A Look Back at 30+ Years of Website Design - Deepstash
Being a Graphic Designer in the Modern World

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Being a Graphic Designer in the Modern World

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Early 1990s: Antiquity

Early 1990s: Antiquity

  • The first website was published in 1991. It was exclusively text-based and the start of a digital revolution.
  • There was no such thing as a high-speed internet connection, so websites needed to be built for slow connection speeds so most of them looked like walls of text.
  • Later versions of HTML allowed for more complex designs, but are still very basic compared to today.

Takeaways for today's websites: Large media files, heavy graphic design, and excessive animations can all contribute to higher bounce rates when load speeds aren't as fast as we want.


84 reads

Mid-1990s: The Middle Ages

Mid-1990s: The Middle Ages

  • Web design has evolved both in terms of structure and appearance.
  • Designers began using table-based layouts to organize content, allowing for greater flexibility and creativity.
  • Graphical design elements also quickly grew in popularity.

Takeaways for today's websites: The development of table-based design was vital in the evolution of web design and a move toward non-linear page structure. Page structure remains critical when thinking about navigation and content as it determines how the user experiences and interacts with a site.


37 reads

Late 1990s: The Renaissance

Late 1990s: The Renaissance

Flash was introduced in 1996 and opened up a world of design possibilities. Design elements were enhanced with animations, tiled background images, neon colours, 3D buttons, splash pages, and other multimedia. Flash was the entry into visitor-focused design.

Takeaways for today's websites: Flash was a game-changer but would not stick around forever. Today's norm is to use alternative methods such as CSS and JavaScript animations.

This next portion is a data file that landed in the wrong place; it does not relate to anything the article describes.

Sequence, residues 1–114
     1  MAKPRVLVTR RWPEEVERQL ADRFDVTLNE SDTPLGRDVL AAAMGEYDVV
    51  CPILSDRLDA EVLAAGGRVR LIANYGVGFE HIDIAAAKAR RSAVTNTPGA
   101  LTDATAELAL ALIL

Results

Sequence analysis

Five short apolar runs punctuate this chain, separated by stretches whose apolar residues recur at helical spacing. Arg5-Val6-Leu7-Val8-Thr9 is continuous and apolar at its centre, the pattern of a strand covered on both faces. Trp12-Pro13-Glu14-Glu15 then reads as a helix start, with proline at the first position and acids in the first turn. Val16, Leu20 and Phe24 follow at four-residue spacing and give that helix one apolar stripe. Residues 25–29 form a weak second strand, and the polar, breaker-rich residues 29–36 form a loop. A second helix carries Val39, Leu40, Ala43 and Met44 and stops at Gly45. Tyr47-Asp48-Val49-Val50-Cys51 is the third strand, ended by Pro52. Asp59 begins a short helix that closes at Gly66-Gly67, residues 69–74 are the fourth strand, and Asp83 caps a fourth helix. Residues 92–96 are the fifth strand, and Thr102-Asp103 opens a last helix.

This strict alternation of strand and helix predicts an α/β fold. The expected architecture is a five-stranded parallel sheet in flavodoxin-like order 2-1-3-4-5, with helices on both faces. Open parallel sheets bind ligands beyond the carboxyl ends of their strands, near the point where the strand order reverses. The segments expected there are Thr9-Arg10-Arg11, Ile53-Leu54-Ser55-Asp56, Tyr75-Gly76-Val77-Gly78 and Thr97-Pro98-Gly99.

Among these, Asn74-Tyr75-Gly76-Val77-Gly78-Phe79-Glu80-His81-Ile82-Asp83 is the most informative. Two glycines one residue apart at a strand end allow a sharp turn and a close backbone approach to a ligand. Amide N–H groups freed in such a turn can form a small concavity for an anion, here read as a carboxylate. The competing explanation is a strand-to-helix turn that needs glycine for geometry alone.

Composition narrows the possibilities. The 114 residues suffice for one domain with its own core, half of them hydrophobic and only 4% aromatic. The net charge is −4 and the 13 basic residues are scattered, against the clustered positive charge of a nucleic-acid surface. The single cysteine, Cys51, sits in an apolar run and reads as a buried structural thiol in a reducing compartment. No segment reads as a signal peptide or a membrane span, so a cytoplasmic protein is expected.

38 reads

Early 2000s: The Enlightenment

Early 2000s: The Enlightenment

Usability and flexibility in web design mark the early 2000s. CSS was the coding language that allowed developers to store visual rules in files separate from HTML, separating content and style. As a result, CSS made websites easier to maintain, more flexible, and quicker to load.

Takeaways for today's websites: It has become easier for people to scan websites looking for the information they need. A few best practices include intuitively placed information, visually accentuated links, and straightforward navigation.


26 reads

Mid- to Late-2000s: The Industrial Revolution

Mid- to Late-2000s: The Industrial Revolution

This period of web design started with the birth of Web 2.0. Features of this period include the growth of multimedia applications, the rise of interactive content, and the advent of social media.

Design became about content, and content about search engine optimization. The user was at the centre of design, and selling products became a secondary function.

Takeaways for today's websites: Thinking about your website in terms of SEO is still a top priority for most thriving business websites. SEO demands content, and content largely became the focus of web design during this era.


23 reads

2010 to Now: The Modern Era

2010 to Now: The Modern Era

  • Today, web design has firmly established itself as an irreplaceable component of every good marketing strategy.
  • In terms of modern aesthetics, minimalism is the preferred choice with sparse content, flat graphics, simpler colour palettes, and big and bold visuals. UX has taken centre stage and given way to design features such as infinite scrolling and single-page design.
  • Mobile web is a key step in the evolution of web design. Websites are structured to accommodate the growing number of mobile web users, including a mobile-first approach.


36 reads



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